No real clean to be had on Channel 1, so I think I'm sending square waves pretty early. Will hook up Signal Generator and Oscilloscope tomorrow.

    Channel 2 is just high pitched squealing
     
  15. Commodore 64

    Commodore 64 Friend of Leo's

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    Good god what a nightmare.

    So, high pitched squealing on Channel 2 was a bad tube.

    Caused some smoke. 2x. Once fried my humdinger. The other time, well, signal went away. No signal on plates. Horrific mess on the phase inverter on the scope. So I pulled the OT, built an RG Keen short tester, and the OT was still good (tested 2 other suspect trannies while I was at it, they are bad.)

    Replaced entire lar mar assembly, took the opportunity to use shielded rg174. No change.

    Found 1 Khz square waves on my power tube cathodes...checked the 1-0hm resistors to ground. 1 was open. The other was 500k. That explains why the power tubes weren't matching very well, LOL.

    So now, I've got it all sorted. Waiting for a new humdinger pot, got the heaters to 100ohm resistors to ground for now.

    I believe there is WAY too much gain. My first channel has 3 preamp triodes, all fully bypassed. So I'm thinking that needs to change. Some pics you may or may not find interesting:

    The transformer tester. Pushbutton and neon bulb.
    [​IMG]

    Input signal 60mV peak to peak. 10x Probe.
    Gain Stage 2 (1 Khz tone)
    [​IMG]

    Gain Stage 3 (1 Khz tone)
    [​IMG]

    Phase Inverter Output (1Khz tone)
    [​IMG]

    That's all with the volume on 1, Lar Mar dimed. 12AY7 in all preamp stages except the phase inverter (12AT7).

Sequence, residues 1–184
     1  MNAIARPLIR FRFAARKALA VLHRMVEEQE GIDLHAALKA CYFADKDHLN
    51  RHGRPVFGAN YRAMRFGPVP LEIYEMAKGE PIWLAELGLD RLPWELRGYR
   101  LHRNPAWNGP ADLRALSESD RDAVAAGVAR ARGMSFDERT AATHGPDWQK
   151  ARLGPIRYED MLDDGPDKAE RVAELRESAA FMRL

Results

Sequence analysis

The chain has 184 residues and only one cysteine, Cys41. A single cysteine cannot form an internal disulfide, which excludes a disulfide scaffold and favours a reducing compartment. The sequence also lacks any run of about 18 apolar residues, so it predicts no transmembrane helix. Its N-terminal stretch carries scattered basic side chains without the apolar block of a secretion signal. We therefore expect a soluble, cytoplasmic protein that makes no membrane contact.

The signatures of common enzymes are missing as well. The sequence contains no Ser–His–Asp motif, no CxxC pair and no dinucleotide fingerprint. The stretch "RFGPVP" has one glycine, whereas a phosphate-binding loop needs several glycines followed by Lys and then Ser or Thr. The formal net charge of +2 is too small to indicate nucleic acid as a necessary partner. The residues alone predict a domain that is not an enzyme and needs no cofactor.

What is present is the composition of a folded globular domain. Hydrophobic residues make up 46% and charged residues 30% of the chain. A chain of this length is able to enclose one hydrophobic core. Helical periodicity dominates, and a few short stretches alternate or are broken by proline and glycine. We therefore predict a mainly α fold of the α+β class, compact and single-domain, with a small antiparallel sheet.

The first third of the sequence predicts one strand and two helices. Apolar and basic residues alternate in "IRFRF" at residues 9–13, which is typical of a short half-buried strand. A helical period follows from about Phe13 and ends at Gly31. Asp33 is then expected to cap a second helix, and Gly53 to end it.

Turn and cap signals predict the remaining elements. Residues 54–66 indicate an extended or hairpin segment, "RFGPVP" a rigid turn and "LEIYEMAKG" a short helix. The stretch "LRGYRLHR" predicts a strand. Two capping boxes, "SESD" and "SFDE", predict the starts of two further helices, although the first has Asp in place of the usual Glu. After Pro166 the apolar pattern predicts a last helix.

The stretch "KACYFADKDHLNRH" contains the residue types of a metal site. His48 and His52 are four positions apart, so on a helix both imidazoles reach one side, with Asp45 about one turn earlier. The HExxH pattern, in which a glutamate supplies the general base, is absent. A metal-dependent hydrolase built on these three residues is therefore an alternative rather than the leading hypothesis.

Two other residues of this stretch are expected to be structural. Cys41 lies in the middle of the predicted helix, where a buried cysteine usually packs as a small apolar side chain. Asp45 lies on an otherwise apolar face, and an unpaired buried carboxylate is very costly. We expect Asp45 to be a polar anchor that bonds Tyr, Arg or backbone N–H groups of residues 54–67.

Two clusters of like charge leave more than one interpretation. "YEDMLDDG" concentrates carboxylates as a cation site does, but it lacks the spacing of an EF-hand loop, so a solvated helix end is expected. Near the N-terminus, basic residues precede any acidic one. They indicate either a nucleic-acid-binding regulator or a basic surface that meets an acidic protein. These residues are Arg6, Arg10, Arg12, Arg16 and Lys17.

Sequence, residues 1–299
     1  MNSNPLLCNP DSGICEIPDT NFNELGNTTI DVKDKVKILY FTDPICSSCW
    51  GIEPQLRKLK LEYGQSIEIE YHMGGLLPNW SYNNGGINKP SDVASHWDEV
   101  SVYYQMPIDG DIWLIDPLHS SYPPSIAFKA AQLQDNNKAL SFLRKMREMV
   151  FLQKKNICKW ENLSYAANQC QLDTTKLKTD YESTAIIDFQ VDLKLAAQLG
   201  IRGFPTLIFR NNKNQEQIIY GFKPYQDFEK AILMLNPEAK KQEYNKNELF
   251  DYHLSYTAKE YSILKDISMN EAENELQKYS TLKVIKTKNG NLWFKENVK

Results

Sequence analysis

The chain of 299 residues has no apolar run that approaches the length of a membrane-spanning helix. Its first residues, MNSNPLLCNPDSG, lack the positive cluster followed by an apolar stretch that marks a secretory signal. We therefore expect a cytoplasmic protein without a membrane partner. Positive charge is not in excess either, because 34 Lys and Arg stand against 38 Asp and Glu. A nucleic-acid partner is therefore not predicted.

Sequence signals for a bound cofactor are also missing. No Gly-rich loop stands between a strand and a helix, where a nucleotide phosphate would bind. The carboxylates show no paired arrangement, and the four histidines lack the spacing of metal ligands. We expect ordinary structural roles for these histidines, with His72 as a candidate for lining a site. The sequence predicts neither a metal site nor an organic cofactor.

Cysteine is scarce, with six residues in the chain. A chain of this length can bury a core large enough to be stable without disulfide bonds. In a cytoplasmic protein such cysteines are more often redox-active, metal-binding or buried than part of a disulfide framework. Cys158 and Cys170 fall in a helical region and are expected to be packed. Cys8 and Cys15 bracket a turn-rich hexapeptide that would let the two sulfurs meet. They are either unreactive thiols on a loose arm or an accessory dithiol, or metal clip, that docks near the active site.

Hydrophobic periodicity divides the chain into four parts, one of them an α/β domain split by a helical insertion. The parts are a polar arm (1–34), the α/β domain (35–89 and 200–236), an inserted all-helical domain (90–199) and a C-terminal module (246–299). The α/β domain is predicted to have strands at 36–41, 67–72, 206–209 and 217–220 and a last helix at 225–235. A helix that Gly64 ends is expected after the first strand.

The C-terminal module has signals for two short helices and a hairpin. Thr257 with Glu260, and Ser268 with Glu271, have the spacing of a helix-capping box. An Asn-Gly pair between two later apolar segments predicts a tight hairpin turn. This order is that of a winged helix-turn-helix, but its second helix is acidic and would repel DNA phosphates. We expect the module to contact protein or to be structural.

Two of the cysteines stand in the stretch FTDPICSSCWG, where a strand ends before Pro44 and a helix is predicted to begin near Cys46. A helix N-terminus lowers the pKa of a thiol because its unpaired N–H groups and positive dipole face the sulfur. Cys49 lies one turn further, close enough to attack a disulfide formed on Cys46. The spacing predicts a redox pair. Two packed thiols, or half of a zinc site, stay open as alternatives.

I don't mind if my Hiwatt Channel looks like this, but I believe I'd like the Fender Channel (this one) to feed the power tubes something a little less orthogonal.
     
    Last edited: May 1, 2017
  16. robrob

    robrob Poster Extraordinaire Ad Free Member

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    Consider turning your high gain channel's second gain stage into an unbypassed cold clipper like the Marhall 2204. You'll get less gain but add sweetness to the overdrive tone. Also note how they follow that cold biased stage with a hot bias stage to keep the asymmetrical distortion going:

    [​IMG]
     
  17. Commodore 64

    Commodore 64 Friend of Leo's

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    That's pretty interesting. Simply swapping out a larger cathode resistor on stage 2 and a lower one in stage 3? Seems easy enough. So, I might leave a bypass cap on one of those stages since I'm not using a cathode follower into my TMB, I could probably use the extra signal. Both channels on my amp basically go from the first triode, into the tone stack.